This display of ‘lit-up’ cells has hidden wiring that would put Blackpool Illuminations to shame (and it's around 200,000-times smaller). Inside the nervous system of a young sea squirt (Ciona intestinalis), cells (blue dots) send signals to each other. One signal, called notch, tells a cell to develop into a neuron [nerve cell], while another, called delta, turns its neighbours’ notch signal ‘off’. It’s a complicated situation, calling for a mathematical model to unravel hidden details: other notch controllers send long distance signals along strips of developing cells (red), urging neurons to grow outwards in an irregular pattern (green). Mathematical modelling in biological research can be very powerful, in this case making predictions for how notch and delta work together in other tissues and organisms. Notch is heavily involved in human brain development, too, as well as helping to define the pattern of our fingers and toes in the womb.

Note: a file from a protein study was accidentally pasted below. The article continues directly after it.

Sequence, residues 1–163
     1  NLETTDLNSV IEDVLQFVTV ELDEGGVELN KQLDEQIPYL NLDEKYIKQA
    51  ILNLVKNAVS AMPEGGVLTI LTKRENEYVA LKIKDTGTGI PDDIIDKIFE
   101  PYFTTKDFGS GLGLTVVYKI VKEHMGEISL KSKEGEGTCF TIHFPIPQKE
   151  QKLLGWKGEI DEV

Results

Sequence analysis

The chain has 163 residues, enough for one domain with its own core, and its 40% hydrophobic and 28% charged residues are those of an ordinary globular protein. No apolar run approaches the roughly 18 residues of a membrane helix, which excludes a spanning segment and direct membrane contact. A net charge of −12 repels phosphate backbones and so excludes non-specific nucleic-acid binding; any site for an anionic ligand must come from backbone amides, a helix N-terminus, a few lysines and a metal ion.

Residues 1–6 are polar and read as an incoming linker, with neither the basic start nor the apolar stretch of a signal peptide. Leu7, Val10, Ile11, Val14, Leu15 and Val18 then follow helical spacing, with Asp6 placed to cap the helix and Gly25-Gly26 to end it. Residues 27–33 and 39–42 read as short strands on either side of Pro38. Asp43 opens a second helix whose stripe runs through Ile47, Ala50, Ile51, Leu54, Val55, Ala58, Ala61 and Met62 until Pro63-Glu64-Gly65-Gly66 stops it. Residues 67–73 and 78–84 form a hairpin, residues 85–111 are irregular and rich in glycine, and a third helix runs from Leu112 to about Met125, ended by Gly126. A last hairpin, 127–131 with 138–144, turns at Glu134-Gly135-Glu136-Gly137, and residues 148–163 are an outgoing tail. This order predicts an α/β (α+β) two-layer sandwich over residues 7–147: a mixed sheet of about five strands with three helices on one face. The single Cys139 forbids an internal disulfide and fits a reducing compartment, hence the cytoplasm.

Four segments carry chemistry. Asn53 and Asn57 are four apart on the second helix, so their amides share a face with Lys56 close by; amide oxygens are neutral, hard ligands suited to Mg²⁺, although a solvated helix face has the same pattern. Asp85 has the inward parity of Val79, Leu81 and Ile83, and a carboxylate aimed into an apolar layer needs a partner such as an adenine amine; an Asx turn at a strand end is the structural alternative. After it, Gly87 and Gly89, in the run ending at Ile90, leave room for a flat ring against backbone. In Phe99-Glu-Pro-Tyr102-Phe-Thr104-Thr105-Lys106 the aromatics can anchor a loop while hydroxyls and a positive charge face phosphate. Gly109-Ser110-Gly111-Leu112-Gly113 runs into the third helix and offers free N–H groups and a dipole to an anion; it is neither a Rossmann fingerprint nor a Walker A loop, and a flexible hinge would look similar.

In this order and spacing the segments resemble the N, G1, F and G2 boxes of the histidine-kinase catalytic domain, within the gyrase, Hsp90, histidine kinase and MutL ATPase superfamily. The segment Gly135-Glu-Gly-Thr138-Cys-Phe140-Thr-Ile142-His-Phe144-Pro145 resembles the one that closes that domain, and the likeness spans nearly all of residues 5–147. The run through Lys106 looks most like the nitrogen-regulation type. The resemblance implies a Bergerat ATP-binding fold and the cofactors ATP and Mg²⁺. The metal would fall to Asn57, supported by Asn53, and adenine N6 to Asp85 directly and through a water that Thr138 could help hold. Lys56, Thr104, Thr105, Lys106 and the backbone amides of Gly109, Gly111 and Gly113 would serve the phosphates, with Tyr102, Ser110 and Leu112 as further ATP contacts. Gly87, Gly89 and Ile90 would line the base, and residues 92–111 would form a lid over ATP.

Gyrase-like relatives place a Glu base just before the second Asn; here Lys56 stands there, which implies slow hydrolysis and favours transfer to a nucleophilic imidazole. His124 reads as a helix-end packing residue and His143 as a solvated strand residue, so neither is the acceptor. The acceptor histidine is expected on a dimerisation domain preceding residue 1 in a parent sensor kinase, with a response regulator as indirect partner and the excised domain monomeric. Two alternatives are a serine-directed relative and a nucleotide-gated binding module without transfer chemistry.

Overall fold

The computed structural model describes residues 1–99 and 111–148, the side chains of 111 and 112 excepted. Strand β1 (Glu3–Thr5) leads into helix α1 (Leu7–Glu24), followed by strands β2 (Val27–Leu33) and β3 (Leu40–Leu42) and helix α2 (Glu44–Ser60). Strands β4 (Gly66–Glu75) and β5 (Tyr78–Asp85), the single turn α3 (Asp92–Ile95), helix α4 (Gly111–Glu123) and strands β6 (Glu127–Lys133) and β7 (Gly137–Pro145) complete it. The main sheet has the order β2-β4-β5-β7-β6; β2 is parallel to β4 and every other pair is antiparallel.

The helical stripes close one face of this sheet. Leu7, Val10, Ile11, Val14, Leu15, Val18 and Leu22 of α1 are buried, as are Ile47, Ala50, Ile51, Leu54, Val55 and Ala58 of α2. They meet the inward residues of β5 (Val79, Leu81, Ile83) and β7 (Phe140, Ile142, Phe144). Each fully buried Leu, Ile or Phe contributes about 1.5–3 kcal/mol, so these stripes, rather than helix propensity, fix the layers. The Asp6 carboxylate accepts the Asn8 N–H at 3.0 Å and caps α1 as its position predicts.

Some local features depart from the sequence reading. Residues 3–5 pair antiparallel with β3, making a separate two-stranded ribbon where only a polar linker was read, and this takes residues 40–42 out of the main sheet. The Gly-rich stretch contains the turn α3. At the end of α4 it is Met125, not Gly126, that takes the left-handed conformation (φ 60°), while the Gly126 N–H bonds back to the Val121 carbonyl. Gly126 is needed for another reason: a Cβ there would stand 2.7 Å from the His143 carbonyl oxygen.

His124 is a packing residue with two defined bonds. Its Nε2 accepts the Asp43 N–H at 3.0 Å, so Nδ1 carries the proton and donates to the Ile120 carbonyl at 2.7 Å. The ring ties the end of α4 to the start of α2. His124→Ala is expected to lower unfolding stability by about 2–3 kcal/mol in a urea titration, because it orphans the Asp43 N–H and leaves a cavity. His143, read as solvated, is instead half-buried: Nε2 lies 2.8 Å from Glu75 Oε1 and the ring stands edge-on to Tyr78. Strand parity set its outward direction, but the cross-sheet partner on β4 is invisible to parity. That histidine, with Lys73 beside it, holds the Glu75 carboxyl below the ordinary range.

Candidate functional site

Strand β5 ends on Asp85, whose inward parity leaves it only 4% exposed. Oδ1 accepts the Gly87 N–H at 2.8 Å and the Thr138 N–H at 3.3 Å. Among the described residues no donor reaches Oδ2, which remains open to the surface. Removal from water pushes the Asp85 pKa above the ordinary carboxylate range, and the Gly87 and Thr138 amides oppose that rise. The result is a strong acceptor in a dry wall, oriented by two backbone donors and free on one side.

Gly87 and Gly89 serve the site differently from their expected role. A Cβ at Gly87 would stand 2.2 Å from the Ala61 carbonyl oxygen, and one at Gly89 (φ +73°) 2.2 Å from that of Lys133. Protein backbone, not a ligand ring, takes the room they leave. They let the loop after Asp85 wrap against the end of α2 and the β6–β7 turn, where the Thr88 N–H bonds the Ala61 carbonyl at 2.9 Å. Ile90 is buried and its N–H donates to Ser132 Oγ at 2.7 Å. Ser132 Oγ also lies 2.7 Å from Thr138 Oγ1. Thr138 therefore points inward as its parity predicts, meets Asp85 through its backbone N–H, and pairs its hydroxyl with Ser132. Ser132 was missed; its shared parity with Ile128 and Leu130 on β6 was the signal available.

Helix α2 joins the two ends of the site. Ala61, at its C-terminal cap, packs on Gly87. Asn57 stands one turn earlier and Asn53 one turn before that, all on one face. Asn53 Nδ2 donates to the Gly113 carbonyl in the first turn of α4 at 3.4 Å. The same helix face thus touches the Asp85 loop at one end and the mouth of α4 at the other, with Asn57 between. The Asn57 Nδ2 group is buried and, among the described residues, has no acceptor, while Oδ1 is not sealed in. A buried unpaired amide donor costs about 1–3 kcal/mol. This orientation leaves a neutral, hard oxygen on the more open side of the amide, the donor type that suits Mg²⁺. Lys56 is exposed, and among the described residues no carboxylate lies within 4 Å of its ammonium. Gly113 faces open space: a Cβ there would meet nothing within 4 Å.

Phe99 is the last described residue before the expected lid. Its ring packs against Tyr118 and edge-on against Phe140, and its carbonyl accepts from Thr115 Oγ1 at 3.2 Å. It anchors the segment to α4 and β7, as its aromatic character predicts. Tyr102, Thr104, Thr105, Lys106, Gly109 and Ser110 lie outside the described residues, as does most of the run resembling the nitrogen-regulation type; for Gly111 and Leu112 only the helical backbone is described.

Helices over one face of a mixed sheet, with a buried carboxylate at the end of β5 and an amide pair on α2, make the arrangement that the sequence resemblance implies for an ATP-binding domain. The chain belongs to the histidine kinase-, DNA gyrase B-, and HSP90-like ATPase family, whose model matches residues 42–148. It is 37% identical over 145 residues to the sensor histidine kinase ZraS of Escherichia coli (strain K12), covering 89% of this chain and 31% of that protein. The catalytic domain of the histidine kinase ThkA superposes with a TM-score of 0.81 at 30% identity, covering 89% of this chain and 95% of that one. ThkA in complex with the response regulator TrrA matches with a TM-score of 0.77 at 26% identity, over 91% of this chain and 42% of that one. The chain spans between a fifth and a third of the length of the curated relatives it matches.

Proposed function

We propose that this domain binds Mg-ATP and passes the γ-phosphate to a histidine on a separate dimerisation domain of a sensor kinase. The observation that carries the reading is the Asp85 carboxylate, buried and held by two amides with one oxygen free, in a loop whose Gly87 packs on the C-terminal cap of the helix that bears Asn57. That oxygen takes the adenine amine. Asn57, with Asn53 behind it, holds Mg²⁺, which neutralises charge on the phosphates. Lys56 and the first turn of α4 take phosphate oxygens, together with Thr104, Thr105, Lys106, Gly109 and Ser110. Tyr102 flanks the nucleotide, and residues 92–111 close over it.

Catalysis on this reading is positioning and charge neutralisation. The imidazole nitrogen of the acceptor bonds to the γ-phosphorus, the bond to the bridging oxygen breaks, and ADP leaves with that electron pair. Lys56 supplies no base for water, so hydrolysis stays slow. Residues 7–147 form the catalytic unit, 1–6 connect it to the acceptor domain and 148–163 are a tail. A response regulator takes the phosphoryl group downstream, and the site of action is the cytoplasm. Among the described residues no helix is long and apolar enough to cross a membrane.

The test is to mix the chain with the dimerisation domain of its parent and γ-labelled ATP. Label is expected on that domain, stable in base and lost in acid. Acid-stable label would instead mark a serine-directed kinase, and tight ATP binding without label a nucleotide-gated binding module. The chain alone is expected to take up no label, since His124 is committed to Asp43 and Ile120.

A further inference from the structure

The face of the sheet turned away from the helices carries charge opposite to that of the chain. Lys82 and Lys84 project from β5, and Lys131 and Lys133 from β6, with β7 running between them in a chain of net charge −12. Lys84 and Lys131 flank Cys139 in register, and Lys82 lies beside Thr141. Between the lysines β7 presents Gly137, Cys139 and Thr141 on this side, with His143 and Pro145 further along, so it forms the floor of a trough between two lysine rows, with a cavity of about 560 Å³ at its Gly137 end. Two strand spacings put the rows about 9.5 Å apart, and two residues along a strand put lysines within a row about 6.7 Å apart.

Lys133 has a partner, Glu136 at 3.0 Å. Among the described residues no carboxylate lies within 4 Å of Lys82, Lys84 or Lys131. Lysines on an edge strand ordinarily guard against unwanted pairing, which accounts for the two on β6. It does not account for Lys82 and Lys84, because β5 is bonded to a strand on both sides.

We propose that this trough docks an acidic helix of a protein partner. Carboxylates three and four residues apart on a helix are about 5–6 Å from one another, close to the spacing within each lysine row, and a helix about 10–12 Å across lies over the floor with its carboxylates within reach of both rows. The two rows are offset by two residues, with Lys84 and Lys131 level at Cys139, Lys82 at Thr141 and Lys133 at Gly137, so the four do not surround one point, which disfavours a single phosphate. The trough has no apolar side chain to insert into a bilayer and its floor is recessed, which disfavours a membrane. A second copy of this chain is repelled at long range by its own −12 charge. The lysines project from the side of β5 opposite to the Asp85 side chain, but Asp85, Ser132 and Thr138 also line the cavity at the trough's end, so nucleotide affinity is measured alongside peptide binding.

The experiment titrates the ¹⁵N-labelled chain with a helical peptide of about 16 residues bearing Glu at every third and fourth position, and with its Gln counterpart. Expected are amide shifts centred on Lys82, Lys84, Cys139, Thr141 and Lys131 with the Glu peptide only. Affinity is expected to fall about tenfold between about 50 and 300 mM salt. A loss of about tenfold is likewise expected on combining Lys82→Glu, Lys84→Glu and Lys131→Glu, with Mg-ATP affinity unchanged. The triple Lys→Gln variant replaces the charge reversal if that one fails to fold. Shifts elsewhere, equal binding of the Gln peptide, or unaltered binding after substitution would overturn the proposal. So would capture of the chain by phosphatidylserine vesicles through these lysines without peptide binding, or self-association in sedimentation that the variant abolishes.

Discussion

Written by John Ankers
BPoD stands for Biomedical Picture of the Day. Managed by the MRC London Institute of Medical Sciences the website aims to engage everyone, young and old, in the wonders of biomedicine. Images are kindly provided for inclusion on this website through the generosity of scientists across the globe.
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